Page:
Not for the first time, I must send you all round to Maria Nikolajeva’s often hilarious and always thoughtful Confessions of a Displaced Hedgehog, this time to read a post simply titled ‘Frustration’.
For context, realize that Prof. Nikolajeva is a very distinguished professor at Cambridge, one of the leading lights in her field. And even if she weren’t, it would still all be true.
For instance: I have little essay, a fun discursive essay—never mind about what—that can’t seem to get a break. I wrote it for an anthology, and revised it carefully per the editor’s requests. They dropped it at the eleventh hour during contract negotiations. I then revised it for another anthology, at the request of the editor. They dropped it with a friendly lack of explanation.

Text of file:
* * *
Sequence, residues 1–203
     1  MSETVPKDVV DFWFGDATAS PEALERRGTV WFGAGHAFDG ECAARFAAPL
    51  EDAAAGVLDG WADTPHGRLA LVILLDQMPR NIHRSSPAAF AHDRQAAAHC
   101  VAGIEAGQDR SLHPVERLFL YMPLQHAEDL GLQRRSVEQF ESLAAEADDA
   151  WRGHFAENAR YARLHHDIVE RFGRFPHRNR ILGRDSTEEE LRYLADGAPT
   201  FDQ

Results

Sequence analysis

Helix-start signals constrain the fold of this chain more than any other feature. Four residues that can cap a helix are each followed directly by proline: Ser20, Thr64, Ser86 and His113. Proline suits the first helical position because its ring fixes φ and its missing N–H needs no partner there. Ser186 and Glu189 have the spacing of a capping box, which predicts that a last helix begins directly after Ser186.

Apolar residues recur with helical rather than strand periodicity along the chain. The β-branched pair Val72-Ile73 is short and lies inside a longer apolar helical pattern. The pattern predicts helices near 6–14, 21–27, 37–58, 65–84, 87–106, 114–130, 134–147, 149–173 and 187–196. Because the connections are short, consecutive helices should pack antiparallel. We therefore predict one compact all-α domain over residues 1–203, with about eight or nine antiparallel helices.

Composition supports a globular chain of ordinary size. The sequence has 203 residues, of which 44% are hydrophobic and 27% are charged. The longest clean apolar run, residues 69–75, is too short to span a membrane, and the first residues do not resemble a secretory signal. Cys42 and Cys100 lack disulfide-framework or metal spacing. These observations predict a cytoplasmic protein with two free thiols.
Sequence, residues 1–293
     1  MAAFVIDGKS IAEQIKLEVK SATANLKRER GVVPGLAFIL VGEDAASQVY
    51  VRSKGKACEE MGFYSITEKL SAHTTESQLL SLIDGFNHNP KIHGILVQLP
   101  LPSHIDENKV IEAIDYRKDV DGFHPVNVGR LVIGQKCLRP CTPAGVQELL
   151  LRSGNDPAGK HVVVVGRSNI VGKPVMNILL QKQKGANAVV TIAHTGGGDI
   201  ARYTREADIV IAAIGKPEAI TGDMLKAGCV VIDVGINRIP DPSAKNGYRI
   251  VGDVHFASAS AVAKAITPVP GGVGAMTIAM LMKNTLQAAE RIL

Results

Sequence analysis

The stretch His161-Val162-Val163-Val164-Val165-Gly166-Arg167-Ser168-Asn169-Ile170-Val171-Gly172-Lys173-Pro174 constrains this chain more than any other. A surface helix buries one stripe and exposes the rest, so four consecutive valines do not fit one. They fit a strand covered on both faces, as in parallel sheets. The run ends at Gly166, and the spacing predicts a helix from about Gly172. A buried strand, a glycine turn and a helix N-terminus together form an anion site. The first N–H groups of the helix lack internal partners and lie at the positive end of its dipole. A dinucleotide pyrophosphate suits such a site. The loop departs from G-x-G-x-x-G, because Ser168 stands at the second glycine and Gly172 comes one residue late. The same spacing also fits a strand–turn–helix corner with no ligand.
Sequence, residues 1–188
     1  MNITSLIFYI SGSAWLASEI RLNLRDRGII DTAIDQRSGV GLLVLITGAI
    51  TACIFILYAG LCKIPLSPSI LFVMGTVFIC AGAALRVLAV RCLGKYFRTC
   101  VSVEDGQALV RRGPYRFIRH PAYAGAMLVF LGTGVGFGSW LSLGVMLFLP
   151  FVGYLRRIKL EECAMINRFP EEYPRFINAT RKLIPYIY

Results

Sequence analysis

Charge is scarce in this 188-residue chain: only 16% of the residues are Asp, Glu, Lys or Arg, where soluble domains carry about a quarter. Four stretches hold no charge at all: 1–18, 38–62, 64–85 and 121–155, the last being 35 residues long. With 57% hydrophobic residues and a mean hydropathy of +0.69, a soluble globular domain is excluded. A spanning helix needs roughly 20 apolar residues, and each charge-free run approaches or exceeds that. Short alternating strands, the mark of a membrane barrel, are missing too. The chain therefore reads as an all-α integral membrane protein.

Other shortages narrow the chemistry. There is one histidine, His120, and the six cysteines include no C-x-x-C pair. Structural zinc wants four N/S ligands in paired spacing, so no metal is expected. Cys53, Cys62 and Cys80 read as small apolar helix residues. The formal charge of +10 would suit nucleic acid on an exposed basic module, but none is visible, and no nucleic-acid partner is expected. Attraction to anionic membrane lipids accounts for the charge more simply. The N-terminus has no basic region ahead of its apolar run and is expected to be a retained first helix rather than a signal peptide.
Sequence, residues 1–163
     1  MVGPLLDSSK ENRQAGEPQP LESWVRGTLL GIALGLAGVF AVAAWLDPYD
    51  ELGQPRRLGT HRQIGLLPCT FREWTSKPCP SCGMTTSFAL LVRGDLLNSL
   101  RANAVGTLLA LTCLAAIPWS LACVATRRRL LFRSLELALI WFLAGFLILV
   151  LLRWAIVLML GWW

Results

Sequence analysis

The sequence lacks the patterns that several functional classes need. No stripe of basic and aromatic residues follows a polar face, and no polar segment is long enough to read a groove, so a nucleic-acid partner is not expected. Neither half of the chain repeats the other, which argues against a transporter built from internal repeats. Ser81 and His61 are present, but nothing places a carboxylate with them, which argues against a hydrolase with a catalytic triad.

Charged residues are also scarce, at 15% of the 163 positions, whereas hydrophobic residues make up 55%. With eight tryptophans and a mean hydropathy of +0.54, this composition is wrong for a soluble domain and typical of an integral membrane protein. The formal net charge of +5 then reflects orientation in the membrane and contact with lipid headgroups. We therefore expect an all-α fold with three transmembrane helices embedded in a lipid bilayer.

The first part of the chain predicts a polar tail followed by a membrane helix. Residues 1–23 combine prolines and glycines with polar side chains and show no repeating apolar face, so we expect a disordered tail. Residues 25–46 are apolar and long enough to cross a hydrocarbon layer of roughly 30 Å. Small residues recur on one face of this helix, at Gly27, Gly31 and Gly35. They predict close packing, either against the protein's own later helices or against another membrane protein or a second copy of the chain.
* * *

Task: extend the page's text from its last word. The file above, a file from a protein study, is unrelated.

I revised it a third time and sent it to journal. They didn’t drop it. They didn’t even pick it up.
Every academic, every freelancer, has a sad shelf of full of work like this. Ideas that the writer loved and laboured over and then—either because they were only good ideas at the time, or just because that’s showbiz—end up tucked away on the sad shelf, like babes in the woods. Freelance work is one long game of Russian roulette, only without the predictability. I’m starting to reconcile myself to the fact that is one of those projects—no matter how much work I put into it—that’s simply bound for that shelf.
These articles, with hand in hand,
Went wailing up and down,
But never saw the editor
Approaching from the town.
Their pretty lines with crimson marks
Were all besmear’d and dyed;
And when they saw the darksome shelf,
They lay them down and cried.